TAMPA, Fla. It was like this for Steve Taneyhill, too, but he had already established himself as a star to watch.
Dylan Thompson, the newest hero on South Carolina’s mountaintop, isn’t having any problems handling his sudden fame, although it has been a bit shocking to deal with all of it.
“I think it’s been crazy, probably, honestly, a little too much,” Thompson said, as the No. 11 Gamecocks prepared for No. 19 Michigan and the Outback Bowl. “But, same thing. Ballgame’s a ballgame. Yeah, we won, and I was fortunate enough to play decent in that one, enough to win, and it’s good for the team. Four in a row, against them, that’s always good.”
Thompson might have known that his days of being relatively anonymous on campus were over, as soon as he wrapped a 310-yard performance in a 27-17 win at Clemson. While the saying goes that the backup quarterback is always the most popular player on the team, and Thompson had played significant minutes throughout the year, he was content to go in when his number was called, not whine or be petulant about deserving to play over starter Connor Shaw. If nobody noticed him on a particular non-gameday, that was fine.
That vanished. Quickly. At USC, athletes that hardly ever play are fawned over in Bieber-esque proportions. For ones that play football, and then make an outstanding play, and then make several outstanding plays against the Gamecocks’ hated rival?
Well, it wouldn’t have been a stretch to think that Thompson could have sold out Williams-Brice Stadium by himself a week after the Clemson game, just by showing up and offering to speak for five minutes.
The requests for a quick picture with another student while just walking to class, or signing an autograph or 12 – Thompson took timeout to sign a ticket stub for a young fan during a recent USC basketball game – have been numerous. He’s not just Dylan Thompson anymore.
He’s Dylan Thompson, The Kid That Beat Clemson.
“That type stuff,” he confirmed. “Even back home, it just used to be, ‘Hey, Dylan,’ and now it’s like, they want to talk about the Clemson game and all this other stuff.”
It’s not going away anytime soon. Thompson, as coach Steve Spurrier has pledged, will play in Tuesday’s Outback Bowl, although Shaw will start. Shaw, who is back to full health after nagging foot and ankle injuries, will play the first series at least, and Spurrier has said that he wants one guy to play most of the game.
Who that guy is remains to be seen. It could be whoever has the hotter hand, and considering that Shaw hasn’t played since Nov. 17, it’s not unreasonable to think that Thompson may go in in relief on Tuesday and remain there.
“Connor’s been the starter and Connor’s done a good job,” quarterbacks coach G.A. Mangus said. “Like I’ve said all along, it’s nice to have a couple of guys now that can go in there and play. That hasn’t been the case over the last few years, necessarily, where two guys have proven that they’re ready to go play and capable of helping us win football games, and now we do. Dylan had a good one, but (Spurrier) said both of them will play and Connor should be ready to go.”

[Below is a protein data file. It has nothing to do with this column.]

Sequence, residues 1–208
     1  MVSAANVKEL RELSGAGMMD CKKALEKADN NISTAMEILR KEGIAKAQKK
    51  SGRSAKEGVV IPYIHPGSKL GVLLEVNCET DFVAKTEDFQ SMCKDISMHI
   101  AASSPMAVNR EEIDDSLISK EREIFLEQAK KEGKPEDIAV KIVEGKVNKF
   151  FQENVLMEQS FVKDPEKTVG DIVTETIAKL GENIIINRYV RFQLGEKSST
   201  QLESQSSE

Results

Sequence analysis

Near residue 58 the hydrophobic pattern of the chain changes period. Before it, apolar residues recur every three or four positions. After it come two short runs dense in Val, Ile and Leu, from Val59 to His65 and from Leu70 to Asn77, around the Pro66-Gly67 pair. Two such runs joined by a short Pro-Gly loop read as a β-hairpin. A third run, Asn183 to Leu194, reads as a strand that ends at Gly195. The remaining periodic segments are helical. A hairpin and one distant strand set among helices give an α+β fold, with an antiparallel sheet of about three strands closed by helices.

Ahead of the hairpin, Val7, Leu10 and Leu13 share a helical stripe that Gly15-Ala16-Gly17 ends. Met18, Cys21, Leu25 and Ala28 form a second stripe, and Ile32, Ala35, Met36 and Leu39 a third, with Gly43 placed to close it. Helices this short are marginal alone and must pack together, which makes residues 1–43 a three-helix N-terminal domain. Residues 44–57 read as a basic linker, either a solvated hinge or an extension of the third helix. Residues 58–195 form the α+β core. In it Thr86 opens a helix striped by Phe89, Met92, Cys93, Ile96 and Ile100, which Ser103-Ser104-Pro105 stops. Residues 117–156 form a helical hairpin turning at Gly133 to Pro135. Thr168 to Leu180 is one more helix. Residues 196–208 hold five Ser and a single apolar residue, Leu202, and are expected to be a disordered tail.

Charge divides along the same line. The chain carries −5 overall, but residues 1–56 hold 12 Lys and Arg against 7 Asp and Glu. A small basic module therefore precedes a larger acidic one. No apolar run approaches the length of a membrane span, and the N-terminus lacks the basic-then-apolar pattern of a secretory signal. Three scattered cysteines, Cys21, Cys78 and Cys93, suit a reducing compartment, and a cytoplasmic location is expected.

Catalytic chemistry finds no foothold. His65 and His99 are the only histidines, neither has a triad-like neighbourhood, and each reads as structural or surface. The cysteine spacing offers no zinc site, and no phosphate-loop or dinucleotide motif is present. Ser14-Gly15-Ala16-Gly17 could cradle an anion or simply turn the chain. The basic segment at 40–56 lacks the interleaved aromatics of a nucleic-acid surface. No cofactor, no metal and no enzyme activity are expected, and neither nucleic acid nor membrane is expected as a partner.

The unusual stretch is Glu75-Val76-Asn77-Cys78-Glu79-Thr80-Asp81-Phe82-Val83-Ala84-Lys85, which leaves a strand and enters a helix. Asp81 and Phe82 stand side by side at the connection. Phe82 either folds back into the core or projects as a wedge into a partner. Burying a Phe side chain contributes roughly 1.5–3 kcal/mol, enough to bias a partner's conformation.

Thompson is excited about the game, but knows that it’s Shaw’s game at first. Still, knowing that he’ll play can only help. Thompson was at his best this year when he knew in advance that he was going to play (starts against East Carolina and Clemson) and struggled when he had to fill in unexpectedly.
“I think it means a lot when you can get kind of a feel for defense throughout the game, whether it be through practice reps or actually in the game and kind of as the game goes, you get more comfortable, but yeah, I would agree with that,” he said. “At the same time, though, it’s my job to be ready whenever I am called, so if I do get thrown in there in the middle of the game, I’ve got to be ready to go.”
And he won’t be asking for more time, either. When Spurrier tells him to go in, he’ll go in, and ditto when (if?) Spurrier tells him to come out.
“Honestly, I feel like we’re in great hands with Connor, great hands with myself,” Thompson said. “However that works out, coach will make the right decision, and we’ll roll with that. I just think it’s my job to work as hard as I possibly can and be ready when my number’s called, just like every other second guy on the depth chart. Whatever opportunity I get, that’s kind of what I roll with.”
“You got two guys that can play, that’s always a plus,” Shaw said earlier this week. “Both of us are proven winners, we can go out there and play the game. It should be exciting. I feel confident that it’ll be OK.”
No chance, either, of Thompson getting the big head, although there was a surprising amount of five-o’-clock shadow on Thompson’s chin during a recent practice. Starting to get the rock-star look and ego?
“No,” he said. “I’m not good enough to be cocky.”